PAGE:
National Geographic : 1959 Oct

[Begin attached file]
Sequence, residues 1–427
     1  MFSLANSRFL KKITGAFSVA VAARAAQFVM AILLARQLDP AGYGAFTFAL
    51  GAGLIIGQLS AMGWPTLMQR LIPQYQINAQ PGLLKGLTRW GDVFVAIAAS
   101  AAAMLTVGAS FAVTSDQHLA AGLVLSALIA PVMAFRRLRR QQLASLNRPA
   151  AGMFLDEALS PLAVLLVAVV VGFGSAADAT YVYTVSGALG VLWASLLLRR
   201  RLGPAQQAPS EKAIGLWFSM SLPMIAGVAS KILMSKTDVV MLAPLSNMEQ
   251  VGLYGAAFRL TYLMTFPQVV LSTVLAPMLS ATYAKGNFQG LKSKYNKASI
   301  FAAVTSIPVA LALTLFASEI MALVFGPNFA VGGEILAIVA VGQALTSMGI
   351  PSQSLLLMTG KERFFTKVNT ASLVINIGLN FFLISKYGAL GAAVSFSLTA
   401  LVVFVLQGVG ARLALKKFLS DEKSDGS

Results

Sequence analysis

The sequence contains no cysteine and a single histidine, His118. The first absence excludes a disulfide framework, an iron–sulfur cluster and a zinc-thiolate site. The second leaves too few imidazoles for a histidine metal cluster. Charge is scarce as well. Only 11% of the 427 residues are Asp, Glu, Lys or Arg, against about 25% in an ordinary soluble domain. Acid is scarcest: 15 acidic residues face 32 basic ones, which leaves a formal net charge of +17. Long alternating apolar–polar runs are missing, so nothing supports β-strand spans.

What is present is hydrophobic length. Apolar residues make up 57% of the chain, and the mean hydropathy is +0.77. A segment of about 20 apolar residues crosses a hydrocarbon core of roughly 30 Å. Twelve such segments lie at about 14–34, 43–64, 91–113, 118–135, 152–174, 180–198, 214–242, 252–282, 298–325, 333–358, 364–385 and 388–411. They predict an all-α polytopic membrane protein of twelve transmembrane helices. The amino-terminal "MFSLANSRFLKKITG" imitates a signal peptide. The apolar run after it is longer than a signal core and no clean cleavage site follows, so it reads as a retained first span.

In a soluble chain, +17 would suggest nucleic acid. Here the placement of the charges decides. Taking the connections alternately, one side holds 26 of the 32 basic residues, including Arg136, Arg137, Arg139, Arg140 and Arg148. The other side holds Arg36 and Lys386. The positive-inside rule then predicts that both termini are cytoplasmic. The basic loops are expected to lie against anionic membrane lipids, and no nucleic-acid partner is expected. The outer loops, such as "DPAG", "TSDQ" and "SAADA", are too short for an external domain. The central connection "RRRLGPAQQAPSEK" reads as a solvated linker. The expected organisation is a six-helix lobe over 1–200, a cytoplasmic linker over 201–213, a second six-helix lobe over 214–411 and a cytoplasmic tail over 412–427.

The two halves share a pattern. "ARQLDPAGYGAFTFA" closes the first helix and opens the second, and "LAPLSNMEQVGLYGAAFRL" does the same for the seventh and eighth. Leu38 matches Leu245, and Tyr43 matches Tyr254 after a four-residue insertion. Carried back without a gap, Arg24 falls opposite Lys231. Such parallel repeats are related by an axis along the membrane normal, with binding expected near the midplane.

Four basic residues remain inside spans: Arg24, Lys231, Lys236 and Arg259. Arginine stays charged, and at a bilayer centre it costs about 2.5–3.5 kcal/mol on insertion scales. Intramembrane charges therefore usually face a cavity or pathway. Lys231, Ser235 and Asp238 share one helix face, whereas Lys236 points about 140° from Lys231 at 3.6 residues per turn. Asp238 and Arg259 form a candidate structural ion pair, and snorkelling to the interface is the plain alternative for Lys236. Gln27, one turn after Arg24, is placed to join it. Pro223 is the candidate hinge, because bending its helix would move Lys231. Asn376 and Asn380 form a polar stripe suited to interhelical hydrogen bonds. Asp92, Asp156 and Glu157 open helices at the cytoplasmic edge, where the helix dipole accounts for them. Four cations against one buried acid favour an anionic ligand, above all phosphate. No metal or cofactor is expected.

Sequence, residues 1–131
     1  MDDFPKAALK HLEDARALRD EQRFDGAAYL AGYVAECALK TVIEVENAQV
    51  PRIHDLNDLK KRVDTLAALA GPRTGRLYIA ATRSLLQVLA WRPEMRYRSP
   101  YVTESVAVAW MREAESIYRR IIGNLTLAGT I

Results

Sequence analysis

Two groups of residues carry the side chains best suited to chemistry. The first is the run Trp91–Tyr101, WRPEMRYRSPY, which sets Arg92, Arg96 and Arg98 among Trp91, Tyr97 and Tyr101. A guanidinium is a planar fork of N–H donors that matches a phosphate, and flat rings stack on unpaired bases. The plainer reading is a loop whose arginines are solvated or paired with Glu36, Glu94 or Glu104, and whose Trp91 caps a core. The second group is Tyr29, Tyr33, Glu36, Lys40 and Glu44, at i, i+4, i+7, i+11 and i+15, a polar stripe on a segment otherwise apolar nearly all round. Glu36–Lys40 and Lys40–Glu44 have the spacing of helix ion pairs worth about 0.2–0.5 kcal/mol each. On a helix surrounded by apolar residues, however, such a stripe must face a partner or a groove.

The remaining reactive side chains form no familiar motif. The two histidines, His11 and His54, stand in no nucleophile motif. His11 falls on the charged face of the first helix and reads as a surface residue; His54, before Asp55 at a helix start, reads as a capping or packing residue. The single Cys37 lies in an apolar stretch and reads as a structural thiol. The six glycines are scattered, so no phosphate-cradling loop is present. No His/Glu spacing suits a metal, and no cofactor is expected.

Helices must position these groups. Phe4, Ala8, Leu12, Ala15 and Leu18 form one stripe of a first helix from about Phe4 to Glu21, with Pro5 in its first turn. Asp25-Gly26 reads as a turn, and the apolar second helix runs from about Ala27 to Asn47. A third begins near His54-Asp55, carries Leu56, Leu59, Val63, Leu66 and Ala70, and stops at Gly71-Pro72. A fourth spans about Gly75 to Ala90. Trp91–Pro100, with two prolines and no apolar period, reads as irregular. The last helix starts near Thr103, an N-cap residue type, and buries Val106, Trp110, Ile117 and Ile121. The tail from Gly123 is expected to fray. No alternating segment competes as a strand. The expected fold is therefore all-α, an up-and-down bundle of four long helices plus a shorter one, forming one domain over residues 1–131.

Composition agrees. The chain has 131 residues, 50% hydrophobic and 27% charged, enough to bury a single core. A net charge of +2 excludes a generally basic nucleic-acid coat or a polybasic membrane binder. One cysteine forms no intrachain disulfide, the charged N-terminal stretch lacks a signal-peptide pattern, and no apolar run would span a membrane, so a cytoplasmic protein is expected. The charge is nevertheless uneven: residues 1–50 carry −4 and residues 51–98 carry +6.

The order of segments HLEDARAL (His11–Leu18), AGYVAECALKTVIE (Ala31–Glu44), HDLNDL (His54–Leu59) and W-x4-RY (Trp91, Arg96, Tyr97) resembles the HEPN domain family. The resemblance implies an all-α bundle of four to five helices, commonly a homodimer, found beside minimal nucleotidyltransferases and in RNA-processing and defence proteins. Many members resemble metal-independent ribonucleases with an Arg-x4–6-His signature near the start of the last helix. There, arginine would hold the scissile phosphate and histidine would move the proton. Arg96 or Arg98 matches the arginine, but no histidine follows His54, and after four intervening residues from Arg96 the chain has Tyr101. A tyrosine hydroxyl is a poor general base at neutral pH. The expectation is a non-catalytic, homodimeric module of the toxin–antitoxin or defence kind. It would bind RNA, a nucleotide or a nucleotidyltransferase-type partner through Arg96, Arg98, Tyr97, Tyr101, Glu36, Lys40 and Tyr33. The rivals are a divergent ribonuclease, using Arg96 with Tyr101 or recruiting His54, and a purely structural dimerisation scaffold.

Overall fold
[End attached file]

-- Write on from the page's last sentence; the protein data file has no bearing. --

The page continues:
Among Swans, Only Mutes Wear the Fleshy Black Bulb on the Forehead Gripping a captive by the neck, Mr. Lexster holds the powerful beak at a respectful distance. Lexsters and relatives have herded Abbotsbury swans almost 200 years. of vigorously protesting Tom. It was the only time at Abbotsbury I saw a swan look other than impeccably dignified. The other couple with Christian names were George and Margaret, who also sought seclu sion. For years they nested in a lonely creek near an old duck decoy. A Fighting Cob Takes Possession Then Margaret died. But again the next spring George came up the Fleet to build a barren nest. He was not prepared for the young cob swimming in battle array around the reed beds. The combat was short and fierce. Bruised and ruffled, George took flight from the creek where for many seasons all his offspring had been raised. But it was a fighting cob he left in possession-his own son! 570 It is not so bad for 30-year-old veterans like George, floating and dabbling and squab bling out there in the lagoon with a lordly eye on the up-and-coming. For 40 more springs he may watch the couples set sail for the reed beds, as he did proudly in his prime. Then one day Fred will find a swan's white body in the reeds, resplendent even in death. He will dig a grave deep out of reach of raven and carrion crow-and ponder awhile. We passed the monks' onetime fishpond, and Fred stopped to watch a pair of swans whose remote forebears, perhaps, had pre ferred this domain to the reed beds. And though I did not suggest it to him, my own thoughts turned to Tennyson's lines: Man comes and tills the field and lies beneath, And after many a summer dies the swan.